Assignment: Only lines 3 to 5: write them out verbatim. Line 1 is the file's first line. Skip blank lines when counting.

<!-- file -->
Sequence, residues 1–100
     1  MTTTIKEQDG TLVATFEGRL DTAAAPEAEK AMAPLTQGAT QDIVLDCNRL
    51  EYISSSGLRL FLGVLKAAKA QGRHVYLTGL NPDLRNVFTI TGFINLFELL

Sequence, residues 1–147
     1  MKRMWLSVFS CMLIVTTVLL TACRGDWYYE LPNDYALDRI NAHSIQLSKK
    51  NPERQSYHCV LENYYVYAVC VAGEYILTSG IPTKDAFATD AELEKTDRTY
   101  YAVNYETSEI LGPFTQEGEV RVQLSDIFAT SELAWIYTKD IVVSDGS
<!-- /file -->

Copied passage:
    51  EYISSSGLRL FLGVLKAAKA QGRHVYLTGL NPDLRNVFTI TGFINLFELL

Sequence, residues 1–147
     1  MKRMWLSVFS CMLIVTTVLL TACRGDWYYE LPNDYALDRI NAHSIQLSKK